History in brief
The unsustainable consumption patterns that were the norm for many years were an important factor in destroying the environment, drastically depleting stocks of natural resources, contributing to social problems such as poverty, and hampering sustainable development efforts.
In 1992, the United Nations Conference on Environment and Development, held in in Rio de Janeiro, Brazil, recognized sustainable consumption and production (SCP) as an “overarching theme to link environmental and development challenges”.
In 1994, the Oslo Symposium on Sustainable Consumption came up with a definition of SCP: “The use of services and related products, which respond to basic needs and bring a better quality of life while minimizing the use of natural resources and toxic materials as well as the emissions of waste and pollutants over the life cycle of the service or product so as not to jeopardize the needs of future generations”.
Several conferences and summits – e.g. the Marrakech Process on Sustainable Consumption and Production in 2003 or the UN Conference on Sustainable Development, Rio+20 in 2012 – reiterated the need for action in that field.
And in 2015, the United Nations General Assembly adopted 17 Sustainable Development Goals (SDGs), covering a wide array of social, economic and environmental development issues, to be achieved by 2030. The IEC has identified 12 out of the 17 SDGs where its standardization and conformity assessment work can make an impact. One of these goals is SDG 12: Sustainable consumption and production.
IEC work for SDG 12
The IEC can contribute effectively to several of the targets set by the UN for SDG 12:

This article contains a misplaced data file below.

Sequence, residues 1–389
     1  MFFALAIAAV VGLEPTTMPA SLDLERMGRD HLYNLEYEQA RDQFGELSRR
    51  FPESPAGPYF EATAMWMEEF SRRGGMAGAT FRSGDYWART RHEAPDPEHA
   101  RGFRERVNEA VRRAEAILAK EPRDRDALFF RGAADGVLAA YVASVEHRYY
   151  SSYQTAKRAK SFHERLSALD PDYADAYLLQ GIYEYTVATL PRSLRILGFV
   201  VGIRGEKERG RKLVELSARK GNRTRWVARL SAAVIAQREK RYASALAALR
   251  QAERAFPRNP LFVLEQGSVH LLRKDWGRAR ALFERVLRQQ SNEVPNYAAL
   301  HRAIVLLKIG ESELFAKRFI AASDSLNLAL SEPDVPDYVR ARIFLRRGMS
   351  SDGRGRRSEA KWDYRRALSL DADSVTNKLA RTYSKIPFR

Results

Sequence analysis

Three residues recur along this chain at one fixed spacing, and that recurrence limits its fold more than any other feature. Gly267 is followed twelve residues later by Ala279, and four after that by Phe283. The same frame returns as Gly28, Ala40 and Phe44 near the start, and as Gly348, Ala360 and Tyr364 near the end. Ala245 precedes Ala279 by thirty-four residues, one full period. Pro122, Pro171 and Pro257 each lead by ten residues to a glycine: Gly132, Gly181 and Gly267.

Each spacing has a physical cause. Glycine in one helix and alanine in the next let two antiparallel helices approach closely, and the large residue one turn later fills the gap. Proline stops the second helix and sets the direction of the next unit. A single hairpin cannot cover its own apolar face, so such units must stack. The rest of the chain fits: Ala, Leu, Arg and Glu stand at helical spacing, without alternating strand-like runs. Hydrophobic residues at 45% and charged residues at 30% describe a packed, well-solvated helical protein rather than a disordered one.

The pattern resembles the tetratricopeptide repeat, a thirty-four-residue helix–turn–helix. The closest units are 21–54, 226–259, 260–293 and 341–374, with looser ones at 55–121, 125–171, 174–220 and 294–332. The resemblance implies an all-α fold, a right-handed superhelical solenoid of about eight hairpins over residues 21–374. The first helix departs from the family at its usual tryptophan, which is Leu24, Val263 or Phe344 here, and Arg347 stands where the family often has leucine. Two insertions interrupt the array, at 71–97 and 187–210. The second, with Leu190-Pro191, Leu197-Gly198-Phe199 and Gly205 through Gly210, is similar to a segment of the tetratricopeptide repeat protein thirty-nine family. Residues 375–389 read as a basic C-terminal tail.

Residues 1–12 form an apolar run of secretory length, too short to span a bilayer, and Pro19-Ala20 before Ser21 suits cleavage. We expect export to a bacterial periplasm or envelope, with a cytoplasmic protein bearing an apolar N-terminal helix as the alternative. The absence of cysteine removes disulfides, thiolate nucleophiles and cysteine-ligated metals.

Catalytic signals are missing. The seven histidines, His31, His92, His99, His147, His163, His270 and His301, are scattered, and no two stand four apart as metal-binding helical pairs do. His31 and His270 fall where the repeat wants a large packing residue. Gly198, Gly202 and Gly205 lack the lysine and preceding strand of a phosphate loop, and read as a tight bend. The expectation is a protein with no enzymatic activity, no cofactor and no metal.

- By 2030, achieve the sustainable management and efficient use of natural resources (12.2)
- By 2020, achieve the environmentally sound management of chemicals and all wastes throughout their life cycle, in accordance with agreed international frameworks, and significantly reduce their release to air, water and soil in order to minimize their adverse impacts on human health and the environment (12.4)
- By 2030, substantially reduce waste generation through prevention, reduction, recycling and reuse (12.5)
- Encourage companies, especially large and transnational companies, to adopt sustainable practices and to integrate sustainability information into their reporting cycle (12.6)
- Support developing countries to strengthen their scientific and technological capacity to move towards more sustainable patterns of consumption and production (12A)
Many IEC technical committees (TCs) develop international standards in a wide range of technological fields linked to sustainable production. Among them – the list is not exhaustive – TC 21: Secondary cells and batteries, TC 35: Primary cells and batteries, TC 59: Performance of household and similar electrical appliances, TC 100: Audio, video and multimedia systems and equipment, TC 105: Fuel cells technologies, TC 108: Safety of electronic equipment within the field of audio/video, information technology and communication technology and TC 113: Nanotechnology for electrotechnical products and systems.
Controlling the use of hazardous substances
IEC International Standards together with the IEC Conformity Assessment Systems can help control the use of hazardous substances in the life cycle of electrical and electronic devices.
On the standardization front, IEC TC 111, deals with environmental standardization for electrical and electronic products and systems. Since its creation in 2004, the TC has published a number of crucial international standards relating to the environment. A key publication is IEC 62474 which establishes the requirements for reporting the substances and materials included in electronic and electrical products. It also facilitates the transfer and processing of this data by defining a common data format which applies to exchanges in the supply chain. The standard comes with a validated open database, which includes a list of substances, substance groups and common material classes.